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Podcast EP 4: Interview with Dr. Abhimanyu Sharma on Black Fungus (Mucormycosis)

On may 25th, Aaroogya hosted a podcast episode in partnership with Silicon Valley Global Health to interview Dr. Abhimanyu Sharma about how the recent uptick in Mucormycosis—also known as black fungus—may be connected to the COVID outbreak.

As a senior researcher at the Council for Scientific and Industrial Research and writer of over 40 scientific articles on a wide variety of topics related to COVID-19 and beyond, Dr. Sharma stresses how the COVID pandemic has created the perfect “recipe” for the growth of black fungus.

A severe COVID infection can often interfere with and impact the respiratory system, while also increasing blood clotting tendencies. This helps provide a dangerously ideal environment for Respiratory Mucormycosis, Rhino-Orbital-Cerebral (ROC) Mucormycosis, and Gastrointestinal Mucormycosis (GIM) to thrive, as the former attacks the lungs and the latter two impact blood vessels.

However, while the environment wherein black fungus thrives is created in part by the ways in which COVID affects the body, the way in which COVID has been treated in India has also contributed to the problem. Because Mucormycosis can exist on soil, dirty fabrics, rotten food, and other unsterilized or unhygienic surfaces, as well as in the air, the misuse of medications, unsterilized oxygen and medical equipment, and unhygentic quarantine practices have likely contributed to the recent growth in black fungal infections.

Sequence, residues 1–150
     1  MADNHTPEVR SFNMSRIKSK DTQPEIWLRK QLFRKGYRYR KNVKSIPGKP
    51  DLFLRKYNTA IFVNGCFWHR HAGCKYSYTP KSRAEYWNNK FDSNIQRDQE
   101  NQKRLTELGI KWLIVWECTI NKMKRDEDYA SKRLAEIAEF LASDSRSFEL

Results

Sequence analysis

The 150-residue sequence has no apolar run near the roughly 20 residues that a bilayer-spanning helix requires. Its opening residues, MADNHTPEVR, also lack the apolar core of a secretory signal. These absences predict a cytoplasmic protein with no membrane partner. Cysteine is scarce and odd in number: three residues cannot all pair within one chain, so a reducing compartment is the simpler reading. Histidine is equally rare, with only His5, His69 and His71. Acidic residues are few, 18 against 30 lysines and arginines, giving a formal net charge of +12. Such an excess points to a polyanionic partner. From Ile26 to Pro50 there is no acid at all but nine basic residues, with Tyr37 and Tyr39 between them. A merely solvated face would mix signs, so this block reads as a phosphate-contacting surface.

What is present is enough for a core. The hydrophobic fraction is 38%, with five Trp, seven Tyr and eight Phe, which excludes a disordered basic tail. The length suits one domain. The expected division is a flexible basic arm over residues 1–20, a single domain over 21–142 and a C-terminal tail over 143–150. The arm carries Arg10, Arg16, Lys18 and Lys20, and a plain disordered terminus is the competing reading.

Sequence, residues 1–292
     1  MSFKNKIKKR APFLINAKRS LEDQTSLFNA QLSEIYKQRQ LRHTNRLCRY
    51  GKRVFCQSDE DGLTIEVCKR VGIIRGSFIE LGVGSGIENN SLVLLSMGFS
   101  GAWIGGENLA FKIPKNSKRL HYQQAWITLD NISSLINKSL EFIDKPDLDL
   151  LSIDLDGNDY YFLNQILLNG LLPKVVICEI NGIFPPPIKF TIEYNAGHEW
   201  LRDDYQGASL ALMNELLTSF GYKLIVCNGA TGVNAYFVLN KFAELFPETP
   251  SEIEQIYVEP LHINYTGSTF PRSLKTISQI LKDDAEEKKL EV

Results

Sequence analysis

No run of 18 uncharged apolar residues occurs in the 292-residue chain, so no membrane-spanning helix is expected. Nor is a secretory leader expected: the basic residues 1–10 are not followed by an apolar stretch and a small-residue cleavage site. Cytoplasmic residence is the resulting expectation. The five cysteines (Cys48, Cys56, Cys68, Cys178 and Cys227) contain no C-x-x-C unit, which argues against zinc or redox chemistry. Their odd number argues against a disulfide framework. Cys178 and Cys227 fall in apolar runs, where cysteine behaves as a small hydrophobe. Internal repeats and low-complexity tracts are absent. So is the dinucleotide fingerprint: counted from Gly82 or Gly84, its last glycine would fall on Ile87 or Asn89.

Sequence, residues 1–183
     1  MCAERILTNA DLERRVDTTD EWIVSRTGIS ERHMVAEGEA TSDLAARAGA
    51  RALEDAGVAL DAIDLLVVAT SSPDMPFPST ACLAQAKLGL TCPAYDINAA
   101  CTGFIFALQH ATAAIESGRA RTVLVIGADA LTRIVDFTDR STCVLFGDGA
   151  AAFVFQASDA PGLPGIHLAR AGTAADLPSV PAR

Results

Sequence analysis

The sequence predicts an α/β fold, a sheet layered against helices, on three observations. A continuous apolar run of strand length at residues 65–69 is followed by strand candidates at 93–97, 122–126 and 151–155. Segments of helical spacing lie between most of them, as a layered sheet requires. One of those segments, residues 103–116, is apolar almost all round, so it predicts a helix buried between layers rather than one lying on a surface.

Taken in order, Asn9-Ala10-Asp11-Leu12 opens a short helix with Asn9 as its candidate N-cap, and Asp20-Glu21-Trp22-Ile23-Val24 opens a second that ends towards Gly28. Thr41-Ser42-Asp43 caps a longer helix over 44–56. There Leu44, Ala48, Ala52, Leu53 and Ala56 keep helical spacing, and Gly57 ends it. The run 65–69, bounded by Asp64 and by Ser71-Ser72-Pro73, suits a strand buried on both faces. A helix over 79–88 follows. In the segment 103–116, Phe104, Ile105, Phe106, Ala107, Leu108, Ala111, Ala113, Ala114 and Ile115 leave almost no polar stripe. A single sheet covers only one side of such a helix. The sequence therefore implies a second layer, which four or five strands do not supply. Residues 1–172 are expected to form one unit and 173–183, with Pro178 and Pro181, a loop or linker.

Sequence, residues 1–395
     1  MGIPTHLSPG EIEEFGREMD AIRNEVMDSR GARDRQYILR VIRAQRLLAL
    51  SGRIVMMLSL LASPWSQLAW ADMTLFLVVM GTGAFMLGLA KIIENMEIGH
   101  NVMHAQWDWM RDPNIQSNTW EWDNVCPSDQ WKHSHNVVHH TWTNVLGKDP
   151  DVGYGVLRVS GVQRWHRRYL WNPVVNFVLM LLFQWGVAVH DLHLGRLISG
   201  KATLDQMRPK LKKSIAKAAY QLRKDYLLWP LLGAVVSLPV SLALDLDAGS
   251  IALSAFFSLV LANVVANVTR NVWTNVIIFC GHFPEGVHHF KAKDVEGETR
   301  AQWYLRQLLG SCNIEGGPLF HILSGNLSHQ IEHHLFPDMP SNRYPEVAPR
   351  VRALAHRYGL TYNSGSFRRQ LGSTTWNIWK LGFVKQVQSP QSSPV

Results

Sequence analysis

Black fungus is curable if caught soon enough though, Dr. Sharma assures. Considering the severity of later-stage black fungus however, it is still imperative for hospitals and patients to ensure clean medical supplies, oxygen, living situations, and quarantine environments. Additionally, Dr. Sharma pleads: if you contract ROC or GIM, please allow your doctor to intervene surgically as opposed to treating the infection just with medications because the blood vessel constriction caused by these two modes of Mucormycosis can inhibit intravenous medicines from reaching the target treatment location in the body.

View the episode for more information at the link below:

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